Beavis AL, Gravitt PE, Rositch AF (2017) Hysterectomy-corrected cervical cancer mortality rates reveal a larger racial disparity in the United States. Cancer 123:1044–1050CrossRefPubMedGoogle Scholar
  27. 27.
    Rositch AF, Nowak RG, Gravitt PE (2014) Increased age and race-specific incidence of cervical cancer after correction for hysterectomy prevalence in the United States from 2000 to 2009. Cancer 120(13):2032–2038CrossRefPubMedPubMedCentralGoogle Scholar
  28. 28.
    Cuzick J, Myers O, Hunt WC, Robertson M, Joste NE, Castle PE, Benard VB, Wheeler CM (2014) A Population-based evaluation of cervical screening in the United States: 2008–2011. Cancer Epidemiol Biomark Prevent 23(5):765–773CrossRefGoogle Scholar
  29. 29.
    Gage JC, Katki HA, Schiffman M, Fetterman B, Poitras NE, Lorey T, Cheung LC, Castle PE, Kinney WK (2015) Age-stratified 5-year risks of cervical precancer among women with enrollment and newly detected HPV infection. Int J Cancer 136(7):1665–1671CrossRefPubMedGoogle Scholar
  30. 30.
    Roland KB, Soman A, Benard VB, Saraiya M (2011) Human papillomavirus and Papanicolaou tests screening interval recommendations in the United States. Am J Obstet Gynecol 205(5):447. CrossRefPubMedGoogle Scholar
  31. 31.
    Saraiya M, Berkowitz Z, Yabroff KR, Wideroff L, Kobrin S, Benard V (2010) Cervical cancer screening with both human papillomavirus and papanicolaou testing vs papanicolaou testing alone: what screening intervals are physicians recommending? Arch Intern Med 170(11):977–986CrossRefPubMedGoogle Scholar
  32. 32.
    Yabroff KR, Saraiya M, Meissner HI, Haggstrom DA, Wideroff L, Yuan G, Berkowitz Z, Davis WW, Benard VB, Coughlin SS (2009) Specialty differences in primary care physician reports of papanicolaou test screening practices: a National Survey, 2006 to 2007. Ann Intern Med 151(9):602–611CrossRefPubMedGoogle Scholar
  33. 33.
    Cooper CP, Saraiya M, Mclean TA, Hannan J, Liesmann JM, Rose SW, Lawson HW (2005) Report from the CDC. Pap Test Intervals Used by Physicians Serving Low-Income Women through the National Breast and Cervical Cancer Early Detection Program. J Womens Health 14(8):670–678CrossRefGoogle Scholar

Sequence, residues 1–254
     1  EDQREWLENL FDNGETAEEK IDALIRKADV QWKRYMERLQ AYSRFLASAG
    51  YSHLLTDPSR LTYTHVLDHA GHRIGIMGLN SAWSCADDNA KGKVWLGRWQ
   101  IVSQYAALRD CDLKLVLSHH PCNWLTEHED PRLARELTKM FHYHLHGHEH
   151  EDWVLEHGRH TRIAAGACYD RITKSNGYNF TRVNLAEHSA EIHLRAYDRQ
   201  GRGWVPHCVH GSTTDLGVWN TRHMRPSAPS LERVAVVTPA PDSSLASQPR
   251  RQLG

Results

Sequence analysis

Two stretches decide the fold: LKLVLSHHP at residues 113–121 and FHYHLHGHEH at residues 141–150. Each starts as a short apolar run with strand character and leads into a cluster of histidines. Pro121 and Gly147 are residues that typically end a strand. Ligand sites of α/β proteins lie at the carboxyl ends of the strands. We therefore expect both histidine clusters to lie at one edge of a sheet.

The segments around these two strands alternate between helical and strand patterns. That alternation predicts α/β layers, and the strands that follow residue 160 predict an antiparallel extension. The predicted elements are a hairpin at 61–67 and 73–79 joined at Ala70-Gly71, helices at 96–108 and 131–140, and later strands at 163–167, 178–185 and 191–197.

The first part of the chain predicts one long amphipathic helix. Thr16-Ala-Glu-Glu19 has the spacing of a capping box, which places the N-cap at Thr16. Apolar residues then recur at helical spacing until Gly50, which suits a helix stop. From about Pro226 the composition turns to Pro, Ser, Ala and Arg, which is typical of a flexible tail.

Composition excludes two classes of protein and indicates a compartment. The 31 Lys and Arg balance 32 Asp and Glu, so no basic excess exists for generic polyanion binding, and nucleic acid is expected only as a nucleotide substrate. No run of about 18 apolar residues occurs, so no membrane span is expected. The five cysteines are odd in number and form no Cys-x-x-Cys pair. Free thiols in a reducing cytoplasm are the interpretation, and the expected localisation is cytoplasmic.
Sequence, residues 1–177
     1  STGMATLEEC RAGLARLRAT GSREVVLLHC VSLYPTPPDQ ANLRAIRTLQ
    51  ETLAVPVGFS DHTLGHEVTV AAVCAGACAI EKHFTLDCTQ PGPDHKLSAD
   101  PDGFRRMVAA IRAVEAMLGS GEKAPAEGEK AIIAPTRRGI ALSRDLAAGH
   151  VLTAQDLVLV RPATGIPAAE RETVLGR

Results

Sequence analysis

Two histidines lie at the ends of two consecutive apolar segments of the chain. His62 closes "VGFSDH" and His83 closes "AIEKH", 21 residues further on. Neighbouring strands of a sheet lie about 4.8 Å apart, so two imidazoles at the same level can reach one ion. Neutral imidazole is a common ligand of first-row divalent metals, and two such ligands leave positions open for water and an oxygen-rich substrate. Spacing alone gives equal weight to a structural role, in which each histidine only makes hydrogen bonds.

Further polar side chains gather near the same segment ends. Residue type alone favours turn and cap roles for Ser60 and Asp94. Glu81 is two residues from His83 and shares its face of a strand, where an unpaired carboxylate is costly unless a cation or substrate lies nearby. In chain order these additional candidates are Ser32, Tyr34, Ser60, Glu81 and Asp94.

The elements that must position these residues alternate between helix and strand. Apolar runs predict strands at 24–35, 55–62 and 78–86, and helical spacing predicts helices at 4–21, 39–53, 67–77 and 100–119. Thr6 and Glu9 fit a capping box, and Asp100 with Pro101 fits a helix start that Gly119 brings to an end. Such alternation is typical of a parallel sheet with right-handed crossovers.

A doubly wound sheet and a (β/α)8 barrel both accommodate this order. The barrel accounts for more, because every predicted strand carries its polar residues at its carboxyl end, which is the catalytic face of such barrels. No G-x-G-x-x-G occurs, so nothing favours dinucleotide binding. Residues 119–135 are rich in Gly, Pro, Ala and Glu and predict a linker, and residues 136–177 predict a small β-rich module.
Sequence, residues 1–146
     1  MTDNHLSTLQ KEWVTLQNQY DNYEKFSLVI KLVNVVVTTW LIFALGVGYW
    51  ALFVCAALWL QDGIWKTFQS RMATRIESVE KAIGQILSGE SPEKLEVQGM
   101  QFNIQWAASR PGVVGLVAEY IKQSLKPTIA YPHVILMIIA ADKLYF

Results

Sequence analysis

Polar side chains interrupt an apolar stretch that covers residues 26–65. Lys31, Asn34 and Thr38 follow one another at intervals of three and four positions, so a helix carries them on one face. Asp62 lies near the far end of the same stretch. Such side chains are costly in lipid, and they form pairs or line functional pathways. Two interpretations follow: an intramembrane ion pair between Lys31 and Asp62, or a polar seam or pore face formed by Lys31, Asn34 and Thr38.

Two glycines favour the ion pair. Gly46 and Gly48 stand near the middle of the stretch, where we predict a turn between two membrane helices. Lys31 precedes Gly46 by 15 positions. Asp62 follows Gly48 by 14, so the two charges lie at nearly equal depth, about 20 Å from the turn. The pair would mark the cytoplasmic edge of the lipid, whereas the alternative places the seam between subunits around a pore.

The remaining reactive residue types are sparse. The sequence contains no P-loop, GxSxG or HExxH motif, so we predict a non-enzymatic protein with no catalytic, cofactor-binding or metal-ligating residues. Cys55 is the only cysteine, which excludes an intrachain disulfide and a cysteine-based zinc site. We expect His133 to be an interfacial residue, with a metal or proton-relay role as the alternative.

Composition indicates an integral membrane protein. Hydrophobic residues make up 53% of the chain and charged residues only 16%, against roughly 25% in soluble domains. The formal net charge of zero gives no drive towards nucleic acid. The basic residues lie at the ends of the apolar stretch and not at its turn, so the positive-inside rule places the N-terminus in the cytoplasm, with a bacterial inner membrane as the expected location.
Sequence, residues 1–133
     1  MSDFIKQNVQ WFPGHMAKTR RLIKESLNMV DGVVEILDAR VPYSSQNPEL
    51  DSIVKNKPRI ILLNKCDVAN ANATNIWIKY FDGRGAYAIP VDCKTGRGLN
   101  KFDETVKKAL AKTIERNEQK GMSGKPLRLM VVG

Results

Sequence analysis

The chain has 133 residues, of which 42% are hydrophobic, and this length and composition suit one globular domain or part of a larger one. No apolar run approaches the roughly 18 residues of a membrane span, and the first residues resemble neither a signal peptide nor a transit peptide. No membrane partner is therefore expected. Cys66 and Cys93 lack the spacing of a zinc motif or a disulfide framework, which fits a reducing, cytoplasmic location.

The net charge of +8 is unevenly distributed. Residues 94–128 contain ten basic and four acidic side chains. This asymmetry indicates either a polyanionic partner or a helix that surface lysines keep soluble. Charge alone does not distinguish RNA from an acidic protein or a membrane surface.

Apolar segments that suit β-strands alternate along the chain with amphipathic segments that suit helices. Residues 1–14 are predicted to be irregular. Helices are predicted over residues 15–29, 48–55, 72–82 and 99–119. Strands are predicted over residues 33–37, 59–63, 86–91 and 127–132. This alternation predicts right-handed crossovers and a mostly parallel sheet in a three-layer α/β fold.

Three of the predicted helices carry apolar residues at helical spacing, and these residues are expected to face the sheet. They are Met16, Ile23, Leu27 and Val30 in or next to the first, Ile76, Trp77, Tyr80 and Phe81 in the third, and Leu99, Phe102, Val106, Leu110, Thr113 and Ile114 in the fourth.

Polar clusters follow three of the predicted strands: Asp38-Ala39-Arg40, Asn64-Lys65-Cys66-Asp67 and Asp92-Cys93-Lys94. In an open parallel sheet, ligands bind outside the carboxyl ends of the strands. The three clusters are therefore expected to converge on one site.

34. 34.
    Berkowitz Z, Saraiya M, Benard V, Yabroff KR (2010) Common abnormal results of pap and human papillomavirus cotesting: what physicians are recommending for management. Obstetrics Gynecol 116(6):1332–1340. CrossRefGoogle Scholar
  35. 35.
    Meissner HI, Tiro JA, Yabroff KR, Haggstrom DA, Coughlin SS (2010) Too much of a good thing? Physician practices and patient willingness for less frequent pap test screening intervals. Med Care 48(3):249–259CrossRefPubMedGoogle Scholar
  36. 36.
    Lee JW-Y, Berkowitz Z, Saraiya M (2011) Low-Risk human papillomavirus testing and other nonrecommended human papillomavirus testing practices among U.S. Health Care Providers. Obstetrics Gynecol 118(1):4–13CrossRefGoogle Scholar
  37. 37.
    FDA approves first human papillomavirus test for primary cervical cancer screening []
  38. 38.
    Huh WK, Ault KA, Chelmow D, Davey DD, Goulart RA, Garcia FAR, Kinney WK, Massad LS, Mayeaux EJ, Saslow D et al (2015) Use of primary high-risk human papillomavirus testing for cervical cancer screening: interim clinical guidance. Obstetr Gynecol. Google Scholar
  39. 39.
    Chronological History of ACS Recommendations for the Early Detection of Cancer in People Without Cancer Symptoms []
  40. 40.
    ACOG (2002) ACOG practice bulletin. Diagnosis and treatment of cervical carcinomas. Number 35., May 2002. Int J Gynaecol Obstet 78(1):79–91CrossRefGoogle Scholar
  41. 41.
    Davey DD, Austin RM, Birdsong G, Buck HW, Cox JT, Darragh TM, Elgert PA, Hanson V, Henry MR, Waldman J (2002) ASCCP patient management guidelines: Pap Test specimen adequacy and quality indicators. Am J Clin Pathol 118(5):714–718CrossRefPubMedGoogle Scholar
  42. 42.
    USPSTF (1996) Guide to Clinical Preventive Services: Report of the U.S. Preventive Services Task Force. 2nd edn. WIlliams & WIlkins, BaltimoreGoogle Scholar
  43. 43.
    USPSTF: U.S. Preventive Services Task Force (2003) Recommendations and rationale-screening for cervical cancer: recommendations and rationale. Am Fam Phys 67(8):1759–1766Google Scholar
  44. 44.
    ACOG Practice Bulletin no. 109 (2009) Cervical cytology screening. Obstet Gynecol 114(6):1409–1420CrossRefGoogle Scholar

Copyright information

© Springer International Publishing AG, part of Springer Nature (outside the USA) 2017

Authors and Affiliations

  1. 1.Department of EpidemiologyJohns Hopkins Bloomberg School of Public HealthBaltimoreUSA
  2. 2.Clinical Genetics Branch, Division of Cancer Epidemiology and GeneticsNational Cancer InstituteRockvilleUSA
  3. 3.Department Global HealthGeorge Washington UniversityWashingtonUSA

Personalised recommendations